We walked in (reservations were made long in advance) on a warm Wednesday evening and dined on hand-torn New Jersey scallops with black truffle, sea grapes and clam dashi; confit octopus with black curry, heart of palm and crispy shallots; and Lancaster County Yorkshire pork with first spring herbs, fermented day-lily root and roasted onion jus.
Each presentation was meticulous; each bite, remarkable. The only off note occurred when we asked for a copy of the menu at the start of the evening. We were told that diners get a copy only when the meal is over so they can focus on what's in front of them. Is it possible that knowing the details ahead of time would have enhanced the experience? We'll never know.
On another night, I dined solo at Zahav, a renowned Israeli restaurant and the crown jewel in the empire of Michael Solomonov, named outstanding chef at this year’s James Beard Awards.
Zahav opened in 2008, which hardly qualifies it as new, but it may come as a surprise to a visitor whose only exposure to local food is the mention of a cheesesteak or hoagie during a conversation about dining at Citizens Bank Park.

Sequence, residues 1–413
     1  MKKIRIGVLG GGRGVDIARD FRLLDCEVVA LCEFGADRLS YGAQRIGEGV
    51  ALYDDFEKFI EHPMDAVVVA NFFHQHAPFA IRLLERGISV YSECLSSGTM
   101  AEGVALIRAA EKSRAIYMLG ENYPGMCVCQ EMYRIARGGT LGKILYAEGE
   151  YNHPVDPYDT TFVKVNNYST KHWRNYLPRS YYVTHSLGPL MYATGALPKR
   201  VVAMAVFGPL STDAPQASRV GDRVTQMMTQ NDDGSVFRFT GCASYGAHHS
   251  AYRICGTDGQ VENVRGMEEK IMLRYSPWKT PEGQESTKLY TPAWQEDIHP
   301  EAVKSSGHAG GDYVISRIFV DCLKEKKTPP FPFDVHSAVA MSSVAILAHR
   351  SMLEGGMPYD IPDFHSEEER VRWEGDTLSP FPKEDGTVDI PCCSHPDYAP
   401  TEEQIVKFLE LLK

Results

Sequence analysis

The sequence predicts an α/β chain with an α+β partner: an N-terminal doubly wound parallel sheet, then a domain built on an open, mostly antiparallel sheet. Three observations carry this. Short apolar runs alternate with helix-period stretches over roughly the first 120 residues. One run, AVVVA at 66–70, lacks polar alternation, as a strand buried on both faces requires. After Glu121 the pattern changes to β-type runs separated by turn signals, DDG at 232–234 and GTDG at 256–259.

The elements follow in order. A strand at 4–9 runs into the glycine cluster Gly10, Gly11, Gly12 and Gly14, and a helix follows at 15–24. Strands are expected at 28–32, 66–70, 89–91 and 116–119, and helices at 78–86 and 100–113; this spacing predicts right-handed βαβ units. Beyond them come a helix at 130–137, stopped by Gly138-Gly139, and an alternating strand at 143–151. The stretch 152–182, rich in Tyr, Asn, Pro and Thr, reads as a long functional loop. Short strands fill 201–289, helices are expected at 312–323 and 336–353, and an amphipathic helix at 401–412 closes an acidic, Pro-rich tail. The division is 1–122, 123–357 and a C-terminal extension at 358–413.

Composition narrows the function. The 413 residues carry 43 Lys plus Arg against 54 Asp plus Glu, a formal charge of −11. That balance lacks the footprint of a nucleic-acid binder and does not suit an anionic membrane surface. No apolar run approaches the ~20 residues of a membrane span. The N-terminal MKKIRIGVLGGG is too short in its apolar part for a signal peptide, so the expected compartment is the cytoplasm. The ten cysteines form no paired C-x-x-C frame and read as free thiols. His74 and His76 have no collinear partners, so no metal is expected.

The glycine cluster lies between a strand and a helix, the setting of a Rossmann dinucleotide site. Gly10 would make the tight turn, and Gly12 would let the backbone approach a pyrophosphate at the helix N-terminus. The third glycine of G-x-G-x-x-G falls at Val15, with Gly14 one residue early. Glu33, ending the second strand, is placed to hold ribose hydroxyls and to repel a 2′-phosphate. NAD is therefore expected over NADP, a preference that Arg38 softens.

Zahav is a short walk from Independence Hall in the downtown area. The vibe is post-industrial meets faux Middle Eastern, but as soon as the food started to arrive all thoughts of décor vanished.
The hummus (with roasted cauliflower), served with flatbread out of the oven, was creamy and rich. I worked my way through an order of stuffed grape leaves; haloumi with strawberry amba, green strawberries and English peas; and grilled duck hearts with spring onion tabbouleh and fiddlehead ferns, a dish that was both artful and ethereal.
One day we opted for lunch at V Street in Center City, the second Philadelphia restaurant from vegan restaurateurs Rich Landau and Kate Jacoby, who earned their first wave of acclaim with Vedge.
We ordered cauliflower with whipped dal, mint chutney and curry hot sauce; noodles with char sui tempeh, crunchy shallots, peanuts, pickles and cilantro; grilled avocado with pickled red chile tofu; and Peruvian fries. The food, and the casual, friendly atmosphere (exposed brick walls, graffiti wallpaper, wood floors) inspired us to contemplate the notion of eating there every day for the rest of our lives.
On another afternoon we drove west to King of Prussia, a suburb worlds away from downtown Philadelphia and best known for its sprawling mall. For us, the main attraction was Mistral, a recently opened America-by-way-of-Japan restaurant and antidote to everything you've ever consumed in a mall.